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Urban Sprawl, Shanties & Modern Slums
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Urban Sprawl, Shanties & Modern Slums

Eleven million people live in nearly 2.6 million units in informal settlements in the metropolises and big cities and towns in the country, said Majid Roosta, director general of the National Task Force for Upgrading Informal Settlements.
“Most people believe that informal settlements are located in the outlying areas, but according to a recent survey in 97 cities countrywide, 85% of the shanties are located within cities,” the Persian language weekly ‘Tejarat-e-Farda,’ a sister publication of the Financial Tribune, quoted Roosta as saying.  
Squatter towns usually emerge and expand in and around cities with a population of over 100,000 as land prices start rising due to disorganized urbanization.  
As an example, 1.2 million people are currently living in informal settlements in and around Mashhad, the second most populous city in Iran (population 3 million), and capital of Khorasan Razavi Province in the northeast of the country --  home to the mausoleum of the eighth Shia imam, Imam Reza (AS) . Furthermore, 87% of the informal settlements are more than 15 year old, and some are over 40 years old.
Informal settlements and slums are caused by a range of interrelated factors, including population growth and rural-urban migration, lack of affordable housing for the urban poor, poor governance (particularly in the areas of policy, planning, land and urban management leading to land speculation and grabbing), economic vulnerability and underpaid work, discrimination and marginalization, and displacement caused by conflict, natural disasters and climate change, according to unhabitat.org.
In Iran a combination of all these factors plus draught, growing joblessness and the search for greener pastures have rendered thousands of villages and towns literally uninhabitable as young men flood into the big cities.
 Social Exclusion
Compared to other urban dwellers, people living in informal settlements, particularly in slums, suffer more spatial, social and economic exclusion from the benefits and opportunities of the broader urban environment. They experience discrimination and an extreme disadvantage characterized by geographical marginalization, basic service deficits, poor governance frameworks, limited access to land and property, precarious livelihoods and, due to their location, high vulnerability to the adverse impacts of poor and exposed environments, climate change and natural disasters. One quarter of the world’s urban population lives in slums.
In Iran, informal settlements have grown as a result of the large and growing influx of rural people to the cities in search of better livelihoods. Centralization of facilities and services, particularly in the capital and other metropolises, has led to large-scale urbanization and in turn the growth of spontaneous settlements.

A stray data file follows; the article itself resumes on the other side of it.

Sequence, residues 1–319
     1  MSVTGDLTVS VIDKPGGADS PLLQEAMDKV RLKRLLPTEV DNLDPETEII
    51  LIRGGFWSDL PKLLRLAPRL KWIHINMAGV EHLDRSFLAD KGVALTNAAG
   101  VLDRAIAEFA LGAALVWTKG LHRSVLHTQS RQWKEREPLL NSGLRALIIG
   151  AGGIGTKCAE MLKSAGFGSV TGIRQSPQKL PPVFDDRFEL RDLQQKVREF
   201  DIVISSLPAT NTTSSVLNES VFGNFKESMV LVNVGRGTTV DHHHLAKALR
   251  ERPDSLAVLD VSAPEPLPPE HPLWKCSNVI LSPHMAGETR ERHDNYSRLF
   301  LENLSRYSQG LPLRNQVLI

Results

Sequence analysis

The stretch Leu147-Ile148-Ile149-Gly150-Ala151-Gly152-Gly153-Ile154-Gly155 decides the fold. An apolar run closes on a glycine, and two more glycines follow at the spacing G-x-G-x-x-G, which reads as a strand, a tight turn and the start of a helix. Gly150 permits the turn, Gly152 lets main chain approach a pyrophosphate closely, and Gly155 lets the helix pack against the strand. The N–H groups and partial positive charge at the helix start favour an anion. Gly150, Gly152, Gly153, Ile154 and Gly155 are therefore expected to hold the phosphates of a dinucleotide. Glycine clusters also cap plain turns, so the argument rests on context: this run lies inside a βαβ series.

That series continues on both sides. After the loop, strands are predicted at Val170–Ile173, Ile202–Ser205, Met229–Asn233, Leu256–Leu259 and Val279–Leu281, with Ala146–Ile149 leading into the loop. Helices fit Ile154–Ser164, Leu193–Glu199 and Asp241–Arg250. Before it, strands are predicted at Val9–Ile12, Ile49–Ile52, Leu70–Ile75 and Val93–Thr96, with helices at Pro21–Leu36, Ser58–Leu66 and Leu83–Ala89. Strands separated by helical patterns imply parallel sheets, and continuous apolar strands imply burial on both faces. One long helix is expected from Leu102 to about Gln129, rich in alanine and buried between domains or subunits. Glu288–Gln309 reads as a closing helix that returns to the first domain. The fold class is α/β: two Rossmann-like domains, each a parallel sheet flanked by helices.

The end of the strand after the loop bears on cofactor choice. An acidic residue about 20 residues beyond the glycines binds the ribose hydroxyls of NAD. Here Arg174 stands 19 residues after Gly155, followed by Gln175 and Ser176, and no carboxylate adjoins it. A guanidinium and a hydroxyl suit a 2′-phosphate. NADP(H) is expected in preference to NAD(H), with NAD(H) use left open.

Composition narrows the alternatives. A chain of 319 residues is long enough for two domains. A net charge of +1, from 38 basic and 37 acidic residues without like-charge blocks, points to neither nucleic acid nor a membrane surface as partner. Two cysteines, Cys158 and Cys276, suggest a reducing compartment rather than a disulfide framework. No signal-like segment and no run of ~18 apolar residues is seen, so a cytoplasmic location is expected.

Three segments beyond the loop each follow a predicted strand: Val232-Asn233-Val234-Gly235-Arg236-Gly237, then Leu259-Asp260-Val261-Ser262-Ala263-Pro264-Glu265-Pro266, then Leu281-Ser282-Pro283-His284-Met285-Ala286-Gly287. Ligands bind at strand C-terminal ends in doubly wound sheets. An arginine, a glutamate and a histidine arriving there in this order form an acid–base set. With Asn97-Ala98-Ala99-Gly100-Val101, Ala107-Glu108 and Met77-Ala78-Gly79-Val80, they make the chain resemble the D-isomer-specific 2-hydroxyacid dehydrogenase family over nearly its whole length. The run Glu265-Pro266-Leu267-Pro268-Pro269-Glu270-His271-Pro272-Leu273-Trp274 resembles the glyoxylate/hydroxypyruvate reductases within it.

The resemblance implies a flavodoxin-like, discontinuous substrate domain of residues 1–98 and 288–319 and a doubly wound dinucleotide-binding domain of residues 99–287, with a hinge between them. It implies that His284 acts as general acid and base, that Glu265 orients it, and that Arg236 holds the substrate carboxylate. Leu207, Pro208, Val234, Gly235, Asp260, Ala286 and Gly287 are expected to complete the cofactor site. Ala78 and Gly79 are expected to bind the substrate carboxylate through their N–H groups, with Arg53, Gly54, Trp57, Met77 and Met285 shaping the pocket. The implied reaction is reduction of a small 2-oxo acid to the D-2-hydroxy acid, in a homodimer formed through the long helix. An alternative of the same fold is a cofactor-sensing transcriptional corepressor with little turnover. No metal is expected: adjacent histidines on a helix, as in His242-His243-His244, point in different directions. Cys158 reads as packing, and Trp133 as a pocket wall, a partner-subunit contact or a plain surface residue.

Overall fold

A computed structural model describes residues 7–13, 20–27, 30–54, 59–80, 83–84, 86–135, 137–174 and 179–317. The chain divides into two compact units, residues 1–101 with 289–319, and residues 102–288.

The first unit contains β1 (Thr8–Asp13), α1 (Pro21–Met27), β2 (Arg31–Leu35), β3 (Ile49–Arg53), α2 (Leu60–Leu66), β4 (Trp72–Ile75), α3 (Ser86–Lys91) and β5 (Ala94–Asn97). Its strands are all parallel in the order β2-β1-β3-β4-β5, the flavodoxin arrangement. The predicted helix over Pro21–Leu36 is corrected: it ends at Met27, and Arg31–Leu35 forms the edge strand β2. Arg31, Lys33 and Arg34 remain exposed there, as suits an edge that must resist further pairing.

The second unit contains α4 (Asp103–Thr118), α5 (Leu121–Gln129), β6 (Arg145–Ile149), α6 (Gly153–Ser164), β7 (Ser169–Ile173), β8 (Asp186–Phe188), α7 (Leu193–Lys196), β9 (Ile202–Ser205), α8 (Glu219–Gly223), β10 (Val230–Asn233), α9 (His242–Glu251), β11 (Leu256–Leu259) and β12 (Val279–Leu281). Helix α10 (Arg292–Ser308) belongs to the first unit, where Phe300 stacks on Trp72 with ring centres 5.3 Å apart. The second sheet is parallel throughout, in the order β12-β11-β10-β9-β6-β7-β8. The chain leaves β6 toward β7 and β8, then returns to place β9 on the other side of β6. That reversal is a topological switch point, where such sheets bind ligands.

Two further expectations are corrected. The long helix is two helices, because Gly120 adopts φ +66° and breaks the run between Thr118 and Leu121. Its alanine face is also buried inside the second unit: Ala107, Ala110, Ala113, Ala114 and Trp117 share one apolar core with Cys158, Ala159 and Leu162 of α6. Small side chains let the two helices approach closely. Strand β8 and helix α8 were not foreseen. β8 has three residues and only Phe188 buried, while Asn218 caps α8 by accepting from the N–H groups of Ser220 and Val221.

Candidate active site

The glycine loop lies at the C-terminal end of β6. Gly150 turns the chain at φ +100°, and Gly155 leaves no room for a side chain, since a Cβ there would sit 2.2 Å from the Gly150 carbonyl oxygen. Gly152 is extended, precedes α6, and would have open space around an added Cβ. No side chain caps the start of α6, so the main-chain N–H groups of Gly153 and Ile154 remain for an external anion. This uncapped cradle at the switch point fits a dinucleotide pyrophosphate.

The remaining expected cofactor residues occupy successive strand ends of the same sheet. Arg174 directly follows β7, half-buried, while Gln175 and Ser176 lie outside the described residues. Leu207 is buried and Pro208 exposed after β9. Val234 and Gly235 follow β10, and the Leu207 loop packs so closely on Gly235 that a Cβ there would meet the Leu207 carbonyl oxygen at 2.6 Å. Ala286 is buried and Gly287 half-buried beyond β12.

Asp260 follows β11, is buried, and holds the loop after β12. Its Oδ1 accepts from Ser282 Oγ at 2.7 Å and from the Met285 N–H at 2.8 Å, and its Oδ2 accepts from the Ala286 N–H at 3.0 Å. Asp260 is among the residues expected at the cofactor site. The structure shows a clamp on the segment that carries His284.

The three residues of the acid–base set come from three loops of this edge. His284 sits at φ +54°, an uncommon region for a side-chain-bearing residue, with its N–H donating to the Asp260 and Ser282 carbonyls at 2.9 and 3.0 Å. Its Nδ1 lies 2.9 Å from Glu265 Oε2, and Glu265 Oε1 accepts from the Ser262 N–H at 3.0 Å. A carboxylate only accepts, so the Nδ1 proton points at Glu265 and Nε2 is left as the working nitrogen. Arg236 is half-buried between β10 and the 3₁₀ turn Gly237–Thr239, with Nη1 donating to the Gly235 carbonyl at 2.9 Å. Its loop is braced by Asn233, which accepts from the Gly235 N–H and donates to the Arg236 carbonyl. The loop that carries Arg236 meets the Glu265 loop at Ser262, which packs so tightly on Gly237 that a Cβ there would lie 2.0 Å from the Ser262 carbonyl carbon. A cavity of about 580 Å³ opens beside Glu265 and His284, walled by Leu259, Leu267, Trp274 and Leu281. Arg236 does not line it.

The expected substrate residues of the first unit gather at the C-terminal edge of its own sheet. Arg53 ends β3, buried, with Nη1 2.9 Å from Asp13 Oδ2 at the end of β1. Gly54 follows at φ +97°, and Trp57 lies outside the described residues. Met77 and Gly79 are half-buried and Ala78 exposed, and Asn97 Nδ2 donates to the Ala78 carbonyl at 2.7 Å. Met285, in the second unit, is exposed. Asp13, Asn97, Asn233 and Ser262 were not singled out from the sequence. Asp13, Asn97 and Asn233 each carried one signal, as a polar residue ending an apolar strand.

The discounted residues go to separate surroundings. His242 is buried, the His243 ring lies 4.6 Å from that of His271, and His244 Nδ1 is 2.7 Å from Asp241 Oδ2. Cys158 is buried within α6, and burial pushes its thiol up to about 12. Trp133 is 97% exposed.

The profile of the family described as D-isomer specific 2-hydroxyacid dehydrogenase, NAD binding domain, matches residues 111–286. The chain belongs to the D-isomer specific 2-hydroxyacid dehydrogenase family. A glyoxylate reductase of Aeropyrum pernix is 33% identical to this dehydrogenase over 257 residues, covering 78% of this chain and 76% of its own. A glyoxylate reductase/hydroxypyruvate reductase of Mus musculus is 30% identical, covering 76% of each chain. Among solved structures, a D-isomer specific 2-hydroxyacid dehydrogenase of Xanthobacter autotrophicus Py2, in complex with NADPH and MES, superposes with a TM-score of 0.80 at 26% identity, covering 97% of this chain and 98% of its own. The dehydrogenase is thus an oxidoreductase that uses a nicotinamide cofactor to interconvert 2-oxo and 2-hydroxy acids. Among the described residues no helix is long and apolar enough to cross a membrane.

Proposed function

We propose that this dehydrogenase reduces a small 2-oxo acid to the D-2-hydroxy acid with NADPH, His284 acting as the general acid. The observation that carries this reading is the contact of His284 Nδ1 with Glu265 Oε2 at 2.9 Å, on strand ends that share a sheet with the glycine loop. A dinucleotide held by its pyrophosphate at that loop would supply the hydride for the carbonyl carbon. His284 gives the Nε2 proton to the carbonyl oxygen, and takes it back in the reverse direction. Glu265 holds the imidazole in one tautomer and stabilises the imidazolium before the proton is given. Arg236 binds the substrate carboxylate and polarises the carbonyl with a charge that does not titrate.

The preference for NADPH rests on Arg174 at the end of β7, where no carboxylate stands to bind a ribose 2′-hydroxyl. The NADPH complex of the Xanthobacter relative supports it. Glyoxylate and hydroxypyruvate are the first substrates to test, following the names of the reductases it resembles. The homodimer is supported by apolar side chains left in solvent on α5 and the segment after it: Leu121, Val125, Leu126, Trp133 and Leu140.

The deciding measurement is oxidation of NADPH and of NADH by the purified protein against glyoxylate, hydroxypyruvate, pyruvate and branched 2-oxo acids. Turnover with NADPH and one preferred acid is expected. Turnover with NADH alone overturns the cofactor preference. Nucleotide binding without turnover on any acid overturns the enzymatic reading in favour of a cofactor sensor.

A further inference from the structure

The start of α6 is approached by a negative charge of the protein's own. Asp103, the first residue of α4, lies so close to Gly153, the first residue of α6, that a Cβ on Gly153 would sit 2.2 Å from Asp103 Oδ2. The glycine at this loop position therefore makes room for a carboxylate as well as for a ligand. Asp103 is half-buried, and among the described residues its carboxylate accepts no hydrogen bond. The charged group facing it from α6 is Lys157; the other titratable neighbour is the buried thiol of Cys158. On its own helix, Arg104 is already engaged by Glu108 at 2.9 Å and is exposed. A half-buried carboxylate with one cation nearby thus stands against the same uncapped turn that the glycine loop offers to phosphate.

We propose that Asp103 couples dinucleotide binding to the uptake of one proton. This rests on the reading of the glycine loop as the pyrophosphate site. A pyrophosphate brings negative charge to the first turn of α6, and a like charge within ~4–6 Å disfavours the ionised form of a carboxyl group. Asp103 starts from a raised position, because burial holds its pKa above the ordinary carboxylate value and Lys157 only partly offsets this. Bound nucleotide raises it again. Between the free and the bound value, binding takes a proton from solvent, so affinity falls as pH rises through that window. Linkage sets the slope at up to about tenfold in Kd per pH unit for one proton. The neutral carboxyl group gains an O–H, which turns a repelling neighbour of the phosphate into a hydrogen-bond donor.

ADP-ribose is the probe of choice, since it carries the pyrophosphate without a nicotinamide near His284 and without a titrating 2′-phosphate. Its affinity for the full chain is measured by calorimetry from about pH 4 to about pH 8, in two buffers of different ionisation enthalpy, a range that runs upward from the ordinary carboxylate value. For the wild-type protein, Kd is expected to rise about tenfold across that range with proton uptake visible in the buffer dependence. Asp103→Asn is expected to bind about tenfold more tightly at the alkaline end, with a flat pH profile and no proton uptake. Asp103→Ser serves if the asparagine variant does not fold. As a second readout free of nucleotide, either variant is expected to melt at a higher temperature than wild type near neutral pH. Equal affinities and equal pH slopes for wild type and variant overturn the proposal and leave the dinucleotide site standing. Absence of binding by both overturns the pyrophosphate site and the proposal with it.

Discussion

“However, all slum dwellers are not the consequence of rural people migrating to the urban areas; many of them also comprise a large number of the urban poor,” Roosta said.
Pointing to the controversial multi-billion-dollar Mehr Housing Scheme for the poor, he said “Replacement of unofficial settlements with new apartments won’t solve the problem simply because the social needs of slum dwellers should be also met.”
In 2007, the former administration started providing free government land and almost zero interest loan to major builders and land developers to build homes for two million Iranians at the lower-end of the economic ladder.

 Ghosts of the Past
Steel skeleton monsters and excavated construction sites abandoned by the developers years ago around cities today are ghosts of the apparently irresponsible construction project launched by the former populist president, Mahmoud Ahmadinejad.
Many completed units are not habitable as they are devoid of basic facilities. Most of the housing projects also lack primary infrastructure, namely health centers, schools and paved roads.
According to the Tabnak news agency, currently 220,338 units are not connected to the wastewater system. Around 136,737 units lack water supply, 147,408 are minus electricity and 212,341 are not linked to the piped gas network.
Authorities of the ministries of roads and urban development and energy say the Rouhani government has coughed up $27.7 million so far to complete the huge project that many senior officials now say hurled the GDP growth rates deep  into negative territory in the last years of the former administration (2012-13).
But the plight of the residential units is not much better than slums. Many experts dismiss the venture as “modern slums” while others say it is another version of “students’ hostels.”

 

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